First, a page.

The Holiday Season is upon us. While for most people it is a fun time spent with family and friends, for some, particularly anyone who has suffered a loss during the past year, it can be a time of struggle. If you, or someone you know, struggles with the coming of the Holidays, the following information and specific tips for handling the Holiday blues may be helpful.
The Holiday Season is a time full of joy, cheer, parties and family gatherings. However, for many people it is a time of self-evaluation, loneliness, reflection on past failures and anxiety about an uncertain future. Add to this the fact that in our region the days have become their shortest and the nights their longest; even the sunlight appears thin and watery. As in nature, winter is a time marked by decreased activity and, in us, increased introspection and self-reflection. Sometimes potentially worrisome issues that we have managed to put off during the spring, summer and fall suddenly seem to loom large and ominous.
Holiday Blues affect men and women, young and old. Many factors may contribute to the Holiday Blues, such as increased stress, fatigue, unrealistic expectations, inability to be with family or friends, memories of past holiday celebrations, over-commercialization, financial constraints and change in diet and daily routines.
I would like to focus briefly on the two factors I see most often in my clinical practice: unrealistic expectations and over-commercialization. From the time we are children we start to build up expectations about what Christmas should be: a magic time of the year when wishes are granted, excitement and mirth reign in our household and the whole world is sufficed with peace and joy. These expectations continue to reside in our subconscious, even as we grow well into adulthood.
In addition, we are constantly bombarded by the media during this season with images of perfect people, with perfect features and figures, exchanging perfect gifts with their perfect family and perfect friends. While all of this perfection is nominally intended to sell merchandise, what it also sells is the notion that we as individuals are somehow out of step or inadequate to the extent that our lives fail to measure up to these ubiquitous perfect images. These images are skillfully crafted and potent in their dubious impact.
I think the single biggest point to consider when dealing with the Holiday Blues is this: You are not alone! Research indicates that as many as one person in two suffers in some degree from depression-like symptoms, anxiety or agitation during the Holiday Season. People invariably imagine that they are the only ones who feel out-of-step with the commercialized “holiday spirit.” Bearing in mind that you are not alone may prove beneficial as you plan how you’ll successfully manage the Holiday Blues this year.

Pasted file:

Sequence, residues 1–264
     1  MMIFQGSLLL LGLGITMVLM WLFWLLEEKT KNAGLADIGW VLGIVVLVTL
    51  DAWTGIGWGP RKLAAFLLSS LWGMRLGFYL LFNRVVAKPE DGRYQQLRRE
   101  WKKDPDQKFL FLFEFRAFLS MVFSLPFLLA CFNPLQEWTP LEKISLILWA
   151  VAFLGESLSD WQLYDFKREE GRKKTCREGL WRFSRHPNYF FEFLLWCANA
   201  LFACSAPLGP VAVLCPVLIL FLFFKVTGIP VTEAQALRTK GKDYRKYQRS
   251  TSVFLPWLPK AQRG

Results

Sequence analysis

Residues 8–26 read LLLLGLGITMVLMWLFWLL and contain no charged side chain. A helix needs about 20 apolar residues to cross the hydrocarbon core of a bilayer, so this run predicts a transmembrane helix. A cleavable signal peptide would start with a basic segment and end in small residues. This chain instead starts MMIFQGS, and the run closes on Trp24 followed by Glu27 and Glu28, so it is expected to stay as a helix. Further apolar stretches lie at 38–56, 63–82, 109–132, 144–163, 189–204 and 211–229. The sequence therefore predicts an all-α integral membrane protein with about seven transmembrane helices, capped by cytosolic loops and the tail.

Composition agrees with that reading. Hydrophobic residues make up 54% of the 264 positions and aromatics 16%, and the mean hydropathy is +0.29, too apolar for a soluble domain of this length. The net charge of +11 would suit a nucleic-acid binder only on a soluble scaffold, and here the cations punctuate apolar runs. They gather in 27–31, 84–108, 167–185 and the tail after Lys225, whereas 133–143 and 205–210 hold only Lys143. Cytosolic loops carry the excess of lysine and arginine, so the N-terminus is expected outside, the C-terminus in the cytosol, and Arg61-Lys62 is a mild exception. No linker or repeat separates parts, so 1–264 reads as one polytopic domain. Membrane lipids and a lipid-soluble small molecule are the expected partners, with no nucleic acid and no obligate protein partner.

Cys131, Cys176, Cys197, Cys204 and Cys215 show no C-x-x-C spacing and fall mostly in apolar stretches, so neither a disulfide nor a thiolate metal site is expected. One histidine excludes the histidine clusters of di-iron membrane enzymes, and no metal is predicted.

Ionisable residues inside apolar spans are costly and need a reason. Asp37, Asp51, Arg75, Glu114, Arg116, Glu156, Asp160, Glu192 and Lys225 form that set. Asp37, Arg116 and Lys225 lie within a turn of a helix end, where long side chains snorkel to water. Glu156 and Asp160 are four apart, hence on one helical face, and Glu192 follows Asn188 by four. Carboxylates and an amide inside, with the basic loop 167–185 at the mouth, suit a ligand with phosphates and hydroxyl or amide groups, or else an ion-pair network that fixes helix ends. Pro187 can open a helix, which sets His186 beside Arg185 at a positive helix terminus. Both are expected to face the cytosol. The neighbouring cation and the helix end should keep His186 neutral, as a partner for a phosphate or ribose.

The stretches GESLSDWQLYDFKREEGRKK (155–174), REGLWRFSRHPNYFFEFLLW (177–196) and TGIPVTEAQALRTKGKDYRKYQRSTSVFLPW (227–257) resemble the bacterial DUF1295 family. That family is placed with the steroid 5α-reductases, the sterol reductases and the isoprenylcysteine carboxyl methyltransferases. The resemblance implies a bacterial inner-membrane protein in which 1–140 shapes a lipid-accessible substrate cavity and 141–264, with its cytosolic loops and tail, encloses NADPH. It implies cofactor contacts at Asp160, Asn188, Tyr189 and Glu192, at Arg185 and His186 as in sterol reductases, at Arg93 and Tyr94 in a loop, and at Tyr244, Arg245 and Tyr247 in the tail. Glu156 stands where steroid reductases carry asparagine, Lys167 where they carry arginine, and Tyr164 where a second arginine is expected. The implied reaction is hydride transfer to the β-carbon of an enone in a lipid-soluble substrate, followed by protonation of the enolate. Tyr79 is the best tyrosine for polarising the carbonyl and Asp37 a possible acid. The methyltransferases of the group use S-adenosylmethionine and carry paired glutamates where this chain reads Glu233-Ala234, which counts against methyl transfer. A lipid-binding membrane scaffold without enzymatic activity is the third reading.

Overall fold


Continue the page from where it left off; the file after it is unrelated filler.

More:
The Do’s and Don’ts of managing the Holiday Blues
Do establish realistic goals and expectations for the holidays. Pace yourself. Organize and prioritize your time. Be realistic about what you can and cannot do. Make lists.
Do know your spending limit and stick to it. The best gifts come from the heart, not the size of the price tag. For people who already have everything or not in physical proximity, consider making a lump sum donation to charity in all their names. Enjoy holiday activities that are free such as concerts, shows and window shopping.
Do allow yourself to feel sad, lonely or melancholy, even if you choose not to express it. These are normal feelings, particularly during the holidays
Do spend time with people who care about you.
Do consider connecting with the true meaning of the season by attending services at your local house of worship. Consider reading Dickens’ wonderful book “A Christmas Carol”.
Do let go of the past and try to create new or different ways to celebrate. Consider reconnecting with an old friend with whom you have lost touch.
Do consider sharing with someone less fortunate than you, volunteering some time to help others at a soup kitchen, homeless shelter, hospital or nursing home.
Do be creative and spend another day as “Christmas” if that allows you to be with family or friends who were unavailable on December 25.
Do eat right, get plenty of rest and exercise.
Do treat yourself as a special holiday guest. Plan to prepare or purchase one special meal, purchase one special gift and take in one special event all for yourself.
Don’t drink too much alcohol or overindulge in sweet or fatty holiday foods.
Don’t dwell on the past: consider it, respect it and then focus on living in the present. Life brings changes; each season is different and can be enjoyed in its own way.
Don’t have unrealistic expectations of yourself or others.
Don’t spend money you don’t have.
Don’t feel obliged to feel festive. Accept your inner experience
Don’t suffer unnecessarily. Find someone to talk with who can help you through a difficult time: a family member, friend, clergyman, doctor or counselor.